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By the time Ian Astbury and Billy Duffy, now the only permanent members of The Cult came to release 1991's album ceremony, they had travelled a long and evolved musical pathway. From the punk roots of The Southern Death Cult, the band first came to wider attention in the early eighties, with the album Dreamtime, a mix of gothic spirituality and rock beats. Their reputation grew with the release of an album of dark and bluesy psychedelic sounds and the band were probably happy in the assumption that they had arrived. What followed came not only as a departure but also as a shock for many of the die-hard fans. Relocating to America with a brief of "making an album worthy of AC/Dc the result was Electric, a more straight forward rock and roll beast which divided the fans, loosing many of the old school but picking up as many, if not more, new listeners along the way. Sonic Temple followed and this is an album that, driven more my guitarist Billy Duffy, carries on down that rock and roll road. With this album you can hear Ian Astbury taking his place as the leader of the band once more and although it is still driven very much by the solid guitar rock sensibilities as the previous two albums it returns to some of the root ideas and themes of the early days and stems the march towards rock nirvana a bit and creates an album which could appeal to cult fans old and new. Although at the time it did not receive the greatest of praise from fans or critics, this may be based on a hankering by them for a return to the good old days, but by now The Cult were a different outfit altogether, there was no going back. However so much time has passed that I think it is a good time to reflect on the album without those sidetracks to a music that was already history and enjoys it for what it is.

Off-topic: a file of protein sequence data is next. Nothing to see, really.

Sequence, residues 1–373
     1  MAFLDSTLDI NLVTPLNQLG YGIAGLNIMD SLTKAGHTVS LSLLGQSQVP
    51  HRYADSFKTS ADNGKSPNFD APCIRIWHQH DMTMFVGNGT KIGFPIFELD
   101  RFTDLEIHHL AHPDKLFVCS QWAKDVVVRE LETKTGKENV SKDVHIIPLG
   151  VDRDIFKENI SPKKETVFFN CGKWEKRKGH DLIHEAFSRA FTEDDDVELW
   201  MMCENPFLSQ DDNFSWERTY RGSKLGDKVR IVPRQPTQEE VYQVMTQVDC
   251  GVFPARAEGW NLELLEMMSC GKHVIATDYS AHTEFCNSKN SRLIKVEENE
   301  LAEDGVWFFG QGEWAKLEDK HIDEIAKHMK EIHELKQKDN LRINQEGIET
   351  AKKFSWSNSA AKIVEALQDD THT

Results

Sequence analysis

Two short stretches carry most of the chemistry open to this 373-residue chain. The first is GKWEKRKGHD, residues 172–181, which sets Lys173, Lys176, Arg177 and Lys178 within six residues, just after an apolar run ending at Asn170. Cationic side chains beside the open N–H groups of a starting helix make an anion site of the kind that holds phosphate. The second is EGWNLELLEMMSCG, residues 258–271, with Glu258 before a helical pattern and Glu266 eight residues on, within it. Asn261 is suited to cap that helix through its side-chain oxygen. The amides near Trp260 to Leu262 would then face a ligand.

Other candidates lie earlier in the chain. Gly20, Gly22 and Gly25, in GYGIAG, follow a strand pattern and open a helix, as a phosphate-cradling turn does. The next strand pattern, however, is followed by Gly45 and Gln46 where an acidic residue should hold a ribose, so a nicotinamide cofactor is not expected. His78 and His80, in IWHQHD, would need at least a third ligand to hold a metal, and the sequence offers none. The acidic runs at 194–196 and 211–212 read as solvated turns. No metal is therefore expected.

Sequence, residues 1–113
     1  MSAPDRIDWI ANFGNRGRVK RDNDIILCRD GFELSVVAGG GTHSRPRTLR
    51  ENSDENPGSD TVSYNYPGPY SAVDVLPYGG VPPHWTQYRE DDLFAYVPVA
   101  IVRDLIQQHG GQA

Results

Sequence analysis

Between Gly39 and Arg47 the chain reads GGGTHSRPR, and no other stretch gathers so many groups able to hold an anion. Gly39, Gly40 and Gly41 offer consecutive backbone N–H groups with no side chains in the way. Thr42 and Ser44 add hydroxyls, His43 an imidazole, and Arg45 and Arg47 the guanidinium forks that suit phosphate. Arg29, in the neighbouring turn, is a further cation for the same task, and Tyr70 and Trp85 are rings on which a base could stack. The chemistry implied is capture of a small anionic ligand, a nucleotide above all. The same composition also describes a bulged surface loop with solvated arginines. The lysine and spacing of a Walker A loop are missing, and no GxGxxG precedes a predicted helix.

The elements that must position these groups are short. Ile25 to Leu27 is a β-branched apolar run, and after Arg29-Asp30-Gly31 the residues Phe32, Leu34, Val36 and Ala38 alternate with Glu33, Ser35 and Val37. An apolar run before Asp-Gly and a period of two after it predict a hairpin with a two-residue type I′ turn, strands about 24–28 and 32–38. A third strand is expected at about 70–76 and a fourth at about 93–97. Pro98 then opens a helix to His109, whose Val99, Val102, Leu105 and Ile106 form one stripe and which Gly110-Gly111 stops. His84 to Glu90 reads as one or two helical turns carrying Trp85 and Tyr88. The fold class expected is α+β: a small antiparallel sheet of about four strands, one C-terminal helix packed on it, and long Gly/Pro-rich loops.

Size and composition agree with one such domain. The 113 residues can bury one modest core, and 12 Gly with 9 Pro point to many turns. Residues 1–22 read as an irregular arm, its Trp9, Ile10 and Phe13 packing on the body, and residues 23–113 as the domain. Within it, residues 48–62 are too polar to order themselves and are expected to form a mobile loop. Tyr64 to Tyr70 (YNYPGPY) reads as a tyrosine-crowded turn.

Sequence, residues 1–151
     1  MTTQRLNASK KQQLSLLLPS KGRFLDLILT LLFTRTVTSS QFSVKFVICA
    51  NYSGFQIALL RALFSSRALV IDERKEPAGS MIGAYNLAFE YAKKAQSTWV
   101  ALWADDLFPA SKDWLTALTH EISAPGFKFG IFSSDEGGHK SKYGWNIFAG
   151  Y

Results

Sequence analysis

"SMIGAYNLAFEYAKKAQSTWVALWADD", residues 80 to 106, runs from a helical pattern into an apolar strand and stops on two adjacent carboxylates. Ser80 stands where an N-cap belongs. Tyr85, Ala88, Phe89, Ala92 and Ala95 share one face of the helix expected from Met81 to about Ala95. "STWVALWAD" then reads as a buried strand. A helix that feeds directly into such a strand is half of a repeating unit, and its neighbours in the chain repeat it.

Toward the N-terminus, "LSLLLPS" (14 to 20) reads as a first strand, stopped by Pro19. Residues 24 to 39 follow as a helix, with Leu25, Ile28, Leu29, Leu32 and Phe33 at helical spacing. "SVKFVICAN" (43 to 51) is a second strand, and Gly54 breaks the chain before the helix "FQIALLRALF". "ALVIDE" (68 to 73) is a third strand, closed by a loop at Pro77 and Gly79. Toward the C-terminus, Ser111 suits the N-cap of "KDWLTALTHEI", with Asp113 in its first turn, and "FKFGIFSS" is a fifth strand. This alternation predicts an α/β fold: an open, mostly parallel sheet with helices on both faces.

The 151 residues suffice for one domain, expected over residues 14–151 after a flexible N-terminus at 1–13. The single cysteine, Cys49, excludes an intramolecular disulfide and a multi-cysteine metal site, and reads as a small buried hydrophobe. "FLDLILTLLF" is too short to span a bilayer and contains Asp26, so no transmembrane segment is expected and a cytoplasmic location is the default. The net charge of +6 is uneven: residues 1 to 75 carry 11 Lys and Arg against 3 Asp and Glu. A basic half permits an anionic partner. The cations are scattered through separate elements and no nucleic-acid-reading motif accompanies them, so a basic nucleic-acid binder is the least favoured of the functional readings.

The albums title track opens up in a slow build reminiscent of Sonic Temple's opener Sun King and there are indeed main similarities between that album and this. As the song kicks in the stadium rock credentials that the band carry with them are brought to the fore and what can only be described as glorious dirty kick arse rock is delivered. The medium paced stomp, wailing, razor sharp guitars and grinding back beats are everything that rock and roll was invented for and this is a band that know how to reveal in all of the clichés without becoming parodies of themselves. This is the first of many American Indian references, a theme that has always run through Astbury's writing, going back to his younger days growing up in Canada next to a reservation. The rights of these people have always remained close to him and a band is an obvious vehicle for spreading the word regarding things that concern you. Wild Hearted Son, carries on that image, from its opening chants and glorious guitar riff (that rock style that plagiarists The Darkness have often tried to mimic but never get close to) and it's a song that sums up what makes The Cult in this hard rock phase work so well. The answer is the simplicity of the songs themselves. Straightforward three chord tricks, repetitive, mesmerising and pure rock groove and used as the building blocks upon which all the clever solo's and guitar trickery sits. It never tries to be anything more than good rocking' four-four beats, the songs aren't over thought or out to impress and when they are stripped back to their fundamentals are as straight forward as they come, and this is what makes them easy to relate to. A straight forward beat that goes straight to the feet and a dark and sexy groove that makes you want to dance, that's what its all about.